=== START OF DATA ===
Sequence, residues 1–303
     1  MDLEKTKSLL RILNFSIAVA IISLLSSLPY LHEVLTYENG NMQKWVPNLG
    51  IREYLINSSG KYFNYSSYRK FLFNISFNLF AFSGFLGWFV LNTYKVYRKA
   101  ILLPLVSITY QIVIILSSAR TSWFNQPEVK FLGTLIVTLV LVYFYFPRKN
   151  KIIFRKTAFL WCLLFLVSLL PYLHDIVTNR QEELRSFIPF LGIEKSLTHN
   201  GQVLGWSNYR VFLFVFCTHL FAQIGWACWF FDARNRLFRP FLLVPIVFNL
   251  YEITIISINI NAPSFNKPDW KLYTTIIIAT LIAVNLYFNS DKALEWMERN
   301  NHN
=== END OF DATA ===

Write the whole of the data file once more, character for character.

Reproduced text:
Sequence, residues 1–303
     1  MDLEKTKSLL RILNFSIAVA IISLLSSLPY LHEVLTYENG NMQKWVPNLG
    51  IREYLINSSG KYFNYSSYRK FLFNISFNLF AFSGFLGWFV LNTYKVYRKA
   101  ILLPLVSITY QIVIILSSAR TSWFNQPEVK FLGTLIVTLV LVYFYFPRKN
   151  KIIFRKTAFL WCLLFLVSLL PYLHDIVTNR QEELRSFIPF LGIEKSLTHN
   201  GQVLGWSNYR VFLFVFCTHL FAQIGWACWF FDARNRLFRP FLLVPIVFNL
   251  YEITIISINI NAPSFNKPDW KLYTTIIIAT LIAVNLYFNS DKALEWMERN
   301  NHN